Eleven of Tennessee’s 12 Court of Appeals judges have declined to hear an appeal of John Jay Hooker’s latest effort to invalidate the state’s system for selecting appeals court judges.
Hooker, who has twice been the Democratic party nominee for governor and has run unsuccessfully for others offices as well, has crusaded against the judicial selection system since filing his first lawsuit against it in 1996. Two years later, a specially-appointed State Supreme Court upheld the constitutionality of the plan in a separate lawsuit with Hooker involved.
In February of this year, Hooker filed another lawsuit, contending Gov. Bill Haslam’s appointment of Jeff Bivens to the Court of Criminal Appeals last year violates that state constitution. Davidson County Circuit Court Judge Hamilton Gayden dismissed the lawsuit, known as Hooker vs. Haslam, in June.
In appealing the dismissal, Hooker also filed motions calling on the Court of Appeals judges, as well as Supreme Court justices, to recuse themselves from hearing the appeal. Since they were selected by the present system, they all have a conflict of interest in deciding whether they were properly seated, he contended.
All but one of the Court of Appeals judges – the exception being Herschel Franks – have recused themselves. So have Supreme Court Chief Justice Cornelia Clark and Supreme Court Justice William Koch. The other three Supreme Court justices filed an order calling on Hooker and the attorney general’s office to file briefs on a possible recusal.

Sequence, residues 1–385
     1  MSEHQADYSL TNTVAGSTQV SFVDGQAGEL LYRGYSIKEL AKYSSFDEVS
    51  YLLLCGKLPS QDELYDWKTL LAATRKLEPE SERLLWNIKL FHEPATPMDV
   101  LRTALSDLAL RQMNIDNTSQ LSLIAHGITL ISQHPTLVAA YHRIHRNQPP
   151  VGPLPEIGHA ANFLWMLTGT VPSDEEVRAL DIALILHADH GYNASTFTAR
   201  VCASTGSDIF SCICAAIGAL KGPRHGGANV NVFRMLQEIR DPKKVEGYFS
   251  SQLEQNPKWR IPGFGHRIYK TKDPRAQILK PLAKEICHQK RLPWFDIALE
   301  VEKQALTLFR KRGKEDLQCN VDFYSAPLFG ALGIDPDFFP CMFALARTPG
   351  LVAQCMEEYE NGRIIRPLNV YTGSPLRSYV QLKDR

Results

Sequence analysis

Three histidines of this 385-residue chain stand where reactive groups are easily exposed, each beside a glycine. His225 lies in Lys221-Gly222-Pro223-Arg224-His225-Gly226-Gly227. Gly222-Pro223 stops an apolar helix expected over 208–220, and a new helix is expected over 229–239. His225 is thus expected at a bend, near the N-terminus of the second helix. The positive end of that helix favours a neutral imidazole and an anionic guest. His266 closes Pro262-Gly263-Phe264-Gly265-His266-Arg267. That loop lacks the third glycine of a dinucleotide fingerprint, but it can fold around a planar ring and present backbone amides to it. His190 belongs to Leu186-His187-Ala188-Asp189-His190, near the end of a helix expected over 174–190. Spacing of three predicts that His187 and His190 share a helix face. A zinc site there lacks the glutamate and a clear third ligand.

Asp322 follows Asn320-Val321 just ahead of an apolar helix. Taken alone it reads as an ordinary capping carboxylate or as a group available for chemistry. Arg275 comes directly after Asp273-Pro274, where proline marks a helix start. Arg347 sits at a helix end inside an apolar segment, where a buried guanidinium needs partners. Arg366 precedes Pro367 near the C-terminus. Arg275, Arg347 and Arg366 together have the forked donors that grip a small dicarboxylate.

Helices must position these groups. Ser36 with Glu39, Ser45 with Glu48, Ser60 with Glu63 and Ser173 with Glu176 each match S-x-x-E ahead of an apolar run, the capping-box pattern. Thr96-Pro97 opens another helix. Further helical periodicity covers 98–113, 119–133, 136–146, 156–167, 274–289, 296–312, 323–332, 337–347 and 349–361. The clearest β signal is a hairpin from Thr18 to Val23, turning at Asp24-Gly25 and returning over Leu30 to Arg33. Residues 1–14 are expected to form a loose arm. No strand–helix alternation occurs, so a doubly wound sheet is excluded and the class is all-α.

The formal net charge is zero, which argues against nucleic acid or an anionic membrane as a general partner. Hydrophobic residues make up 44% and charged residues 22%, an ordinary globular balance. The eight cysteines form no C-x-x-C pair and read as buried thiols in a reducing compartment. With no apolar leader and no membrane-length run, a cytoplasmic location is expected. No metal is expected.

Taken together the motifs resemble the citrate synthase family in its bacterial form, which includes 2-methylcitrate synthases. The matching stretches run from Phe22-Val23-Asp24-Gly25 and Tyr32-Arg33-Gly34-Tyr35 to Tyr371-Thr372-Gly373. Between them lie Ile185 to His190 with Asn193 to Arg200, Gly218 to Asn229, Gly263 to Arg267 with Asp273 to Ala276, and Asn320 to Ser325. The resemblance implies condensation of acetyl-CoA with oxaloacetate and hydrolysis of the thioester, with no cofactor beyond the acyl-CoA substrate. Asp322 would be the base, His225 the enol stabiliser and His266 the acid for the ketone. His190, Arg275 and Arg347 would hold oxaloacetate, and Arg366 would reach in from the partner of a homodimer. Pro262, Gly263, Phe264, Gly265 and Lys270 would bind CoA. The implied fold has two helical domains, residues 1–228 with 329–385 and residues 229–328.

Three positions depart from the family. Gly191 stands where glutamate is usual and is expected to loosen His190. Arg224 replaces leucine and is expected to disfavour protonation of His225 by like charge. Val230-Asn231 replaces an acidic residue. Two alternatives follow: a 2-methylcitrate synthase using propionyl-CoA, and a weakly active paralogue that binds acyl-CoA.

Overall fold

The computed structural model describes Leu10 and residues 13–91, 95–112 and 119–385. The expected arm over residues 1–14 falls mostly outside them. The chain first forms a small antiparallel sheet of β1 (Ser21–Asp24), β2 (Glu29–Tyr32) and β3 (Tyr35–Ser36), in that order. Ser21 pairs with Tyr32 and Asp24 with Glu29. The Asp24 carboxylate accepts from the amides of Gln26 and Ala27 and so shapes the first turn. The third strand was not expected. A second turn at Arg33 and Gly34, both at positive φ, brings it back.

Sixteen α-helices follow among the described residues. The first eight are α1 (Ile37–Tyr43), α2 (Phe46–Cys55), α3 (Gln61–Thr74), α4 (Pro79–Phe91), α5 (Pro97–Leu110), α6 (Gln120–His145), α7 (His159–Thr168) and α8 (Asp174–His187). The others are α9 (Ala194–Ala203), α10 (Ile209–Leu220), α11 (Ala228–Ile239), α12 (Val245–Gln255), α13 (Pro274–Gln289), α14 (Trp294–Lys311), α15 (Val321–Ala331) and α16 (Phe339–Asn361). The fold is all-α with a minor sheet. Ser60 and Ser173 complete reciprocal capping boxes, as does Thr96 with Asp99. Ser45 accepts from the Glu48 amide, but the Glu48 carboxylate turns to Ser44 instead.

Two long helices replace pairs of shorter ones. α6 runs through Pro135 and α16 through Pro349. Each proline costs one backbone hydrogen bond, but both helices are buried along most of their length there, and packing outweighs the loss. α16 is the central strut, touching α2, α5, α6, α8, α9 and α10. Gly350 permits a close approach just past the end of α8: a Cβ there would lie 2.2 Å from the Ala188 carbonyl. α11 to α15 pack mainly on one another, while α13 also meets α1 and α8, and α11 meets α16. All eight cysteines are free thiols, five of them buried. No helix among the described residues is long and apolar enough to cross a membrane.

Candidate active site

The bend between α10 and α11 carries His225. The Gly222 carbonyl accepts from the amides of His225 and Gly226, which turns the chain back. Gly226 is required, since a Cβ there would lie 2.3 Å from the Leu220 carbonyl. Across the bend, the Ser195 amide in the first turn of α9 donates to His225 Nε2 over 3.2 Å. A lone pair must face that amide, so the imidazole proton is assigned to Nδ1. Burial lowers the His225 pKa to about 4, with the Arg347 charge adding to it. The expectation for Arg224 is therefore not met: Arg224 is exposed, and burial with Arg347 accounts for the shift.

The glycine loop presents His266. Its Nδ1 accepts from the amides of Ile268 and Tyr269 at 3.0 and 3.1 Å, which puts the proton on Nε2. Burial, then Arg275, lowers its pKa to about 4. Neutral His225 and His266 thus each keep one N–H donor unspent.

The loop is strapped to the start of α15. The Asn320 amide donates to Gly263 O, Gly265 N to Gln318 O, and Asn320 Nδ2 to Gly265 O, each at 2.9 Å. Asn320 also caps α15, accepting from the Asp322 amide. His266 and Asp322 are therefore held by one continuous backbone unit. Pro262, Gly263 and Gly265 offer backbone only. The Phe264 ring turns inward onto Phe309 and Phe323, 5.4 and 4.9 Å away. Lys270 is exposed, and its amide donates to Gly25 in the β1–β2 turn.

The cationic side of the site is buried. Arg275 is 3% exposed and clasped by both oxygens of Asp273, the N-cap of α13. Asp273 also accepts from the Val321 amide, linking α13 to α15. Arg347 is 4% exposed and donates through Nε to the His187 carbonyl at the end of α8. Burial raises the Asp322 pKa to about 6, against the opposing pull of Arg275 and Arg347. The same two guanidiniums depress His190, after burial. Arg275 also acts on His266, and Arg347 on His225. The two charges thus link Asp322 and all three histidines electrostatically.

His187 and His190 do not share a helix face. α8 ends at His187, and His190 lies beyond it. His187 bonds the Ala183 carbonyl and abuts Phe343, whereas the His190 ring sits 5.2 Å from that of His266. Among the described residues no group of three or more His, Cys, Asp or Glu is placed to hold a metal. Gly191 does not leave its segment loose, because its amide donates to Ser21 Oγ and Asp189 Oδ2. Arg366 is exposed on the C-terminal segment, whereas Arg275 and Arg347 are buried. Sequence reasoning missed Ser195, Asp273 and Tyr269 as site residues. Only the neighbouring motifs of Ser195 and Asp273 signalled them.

Last week, the Supreme Court also issued an order appointing two retired appeals court judges, Donald P. Harris and David G. Hayes, to serve as special judges to hear the appeal as a three-judge panel along with Franks.
Hooker’s lawsuit says the only time a governor can appoint a top judge under the state constitution is when Supreme Court judges recuse themselves because of a conflict of interest. Other gubernatorial appointments, he contends, are invalid because the state constitution says judges shall be “elected by the qualified voters” within the jurisdiction of the court involved.
The present system calls for the governor to fill judicial vacancies from a list of nominees submitted by a nominating commission. Pending in the Legislature is a proposed amendment to the state Constitution that would replace the present system with one where the governor would make the appointments subject to confirmation by the General Assembly.
If all five Supreme Court justices wind up recusing themselves from the case, Gov. Bill Haslam could be upon to name special Supreme Court justices to hear any appeal of the eventual Court of Appeals decision – just as then-Gov. Don Sundquist did in the 1998 case.